Friday, October 30, 2009

Draft Watch: West Virginia @ South Florida

1) Jarrett Brown – The senior quarterback had to wait for three years, biding his time behind West Virginia legend Pat White before he could be the man in Morgantown. At 6’ 4” and 220 pounds Brown has good size, his arm is NFL quality and he is an excellent athlete who can make things happen with his legs. However, he has not improved his stock through seven games (injured early in win versus Marshall); his touchdown to interception ratio of eight to six is unimpressive, and he struggled in his two toughest contests—at Auburn and last week against UConn. He has completed 67.1 percent of his passes overall, but connected at just a 56.3 rate against the Tigers (1 TD, 4 INTs) in WVU’s lone loss of the season. Against the Huskies, the West Palm Beach native completed only 59. 3 percent of his passes and failed to find the end zone (1 INT). In cornerback Jerome Murphy and safety Nate Allen, the USF Bulls have a dangerous secondary that will take advantage of Brown’s mistakes.

2) Noel Devine vs. Kion Wilson – This should be a fun match-up, pitting the speed and open-field shiftiness of Devine against the hard-hitting and sound tackling of Wilson. Devine is coming off a 178-yard performance against the Huskies, which included a spectacular sideline, game-winning scamper that displayed both his speed and balance. He likes the lights too. Earlier this season on Thursday night against the Colorado Buffaloes he rumbled for 220 yards on 22 carries. This is an interesting match-up against maybe the speediest defense the Mountaineers have faced to date led by Wilson, who tops the Bulls with his 49 tackles. The junior college transfer is flourishing in his second season at the Division I level and facing a back like Devine in the open field will be the ultimate test.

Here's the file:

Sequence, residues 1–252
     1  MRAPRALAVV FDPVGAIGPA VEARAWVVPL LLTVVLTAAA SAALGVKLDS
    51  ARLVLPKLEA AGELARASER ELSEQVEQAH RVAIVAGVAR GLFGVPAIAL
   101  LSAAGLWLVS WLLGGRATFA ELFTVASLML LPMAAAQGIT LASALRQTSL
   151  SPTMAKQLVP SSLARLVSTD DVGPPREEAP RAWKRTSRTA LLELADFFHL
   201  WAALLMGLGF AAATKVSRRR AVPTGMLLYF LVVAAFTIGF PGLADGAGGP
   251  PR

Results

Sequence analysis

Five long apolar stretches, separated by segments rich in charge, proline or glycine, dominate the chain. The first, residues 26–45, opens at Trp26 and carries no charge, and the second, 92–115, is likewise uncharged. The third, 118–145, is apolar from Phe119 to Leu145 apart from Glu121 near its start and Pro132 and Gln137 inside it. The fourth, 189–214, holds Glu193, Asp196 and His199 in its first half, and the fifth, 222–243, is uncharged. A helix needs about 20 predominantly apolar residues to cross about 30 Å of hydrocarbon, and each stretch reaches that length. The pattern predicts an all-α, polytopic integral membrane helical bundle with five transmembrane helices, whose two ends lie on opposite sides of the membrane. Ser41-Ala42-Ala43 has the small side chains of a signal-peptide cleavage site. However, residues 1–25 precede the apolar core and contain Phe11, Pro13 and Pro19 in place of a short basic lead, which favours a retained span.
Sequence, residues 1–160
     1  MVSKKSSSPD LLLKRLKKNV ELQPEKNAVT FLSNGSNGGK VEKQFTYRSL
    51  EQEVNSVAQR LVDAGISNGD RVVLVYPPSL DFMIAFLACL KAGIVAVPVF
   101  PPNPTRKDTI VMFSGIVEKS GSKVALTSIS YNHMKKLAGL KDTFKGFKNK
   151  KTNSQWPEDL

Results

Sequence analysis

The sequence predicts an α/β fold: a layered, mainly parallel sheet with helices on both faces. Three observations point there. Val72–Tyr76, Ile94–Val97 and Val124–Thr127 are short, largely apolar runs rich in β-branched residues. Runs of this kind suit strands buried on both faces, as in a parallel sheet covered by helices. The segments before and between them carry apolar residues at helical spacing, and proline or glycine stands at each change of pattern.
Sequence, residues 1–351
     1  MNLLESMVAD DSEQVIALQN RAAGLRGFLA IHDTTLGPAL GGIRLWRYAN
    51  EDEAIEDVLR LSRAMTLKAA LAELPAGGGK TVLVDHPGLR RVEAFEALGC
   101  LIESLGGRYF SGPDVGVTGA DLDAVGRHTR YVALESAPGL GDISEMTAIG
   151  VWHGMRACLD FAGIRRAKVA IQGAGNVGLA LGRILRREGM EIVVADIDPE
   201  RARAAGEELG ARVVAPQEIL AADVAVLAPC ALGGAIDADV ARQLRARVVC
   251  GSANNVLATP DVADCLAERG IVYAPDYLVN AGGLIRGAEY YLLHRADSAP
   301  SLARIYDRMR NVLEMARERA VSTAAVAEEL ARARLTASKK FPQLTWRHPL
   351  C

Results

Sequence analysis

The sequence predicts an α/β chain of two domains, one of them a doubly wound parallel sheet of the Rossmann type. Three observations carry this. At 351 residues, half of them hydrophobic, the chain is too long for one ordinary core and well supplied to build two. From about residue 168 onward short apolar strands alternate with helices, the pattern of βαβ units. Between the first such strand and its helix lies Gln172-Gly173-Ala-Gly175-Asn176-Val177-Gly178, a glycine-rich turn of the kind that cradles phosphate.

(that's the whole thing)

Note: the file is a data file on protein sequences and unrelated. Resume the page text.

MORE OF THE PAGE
3) Better prospect George Selvie or Jason Pierre-Paul –
Could Selvie not even be the best defensive end prospect on his own team? Gone are the days of video game numbers for the former high school center, which he put up as a sophomore. Last season much of that was attributed to double and sometimes triple teams, but this year more often than not, Selvie is being slowed down one-on-one. The senior still leads the line with 27 tackles, but not tackles for a loss (6.5 TFLs) or sacks (3 sacks). Pierre-Paul may not be as polished as Selvie, but is bigger and perhaps a more impressive athlete. Although he is still refining his pass rushing skills (2 sacks), Pierre-Paul has lived in the opposition’s backfield this season and leads the Bulls with his 9.5 tackles for a loss. Not many ends can combine size, speed, athleticism and wingspan (81”) the way this junior college transfer does. He has better upside than Selvie, but Pierre-Paul would be wise to return for his senior season to refine his game. It will be interesting to see how each does when matched up with WVU's top tackle Selvish Capers.

Photos Courtesy of WVU Sports Communication, USF Athletics Communications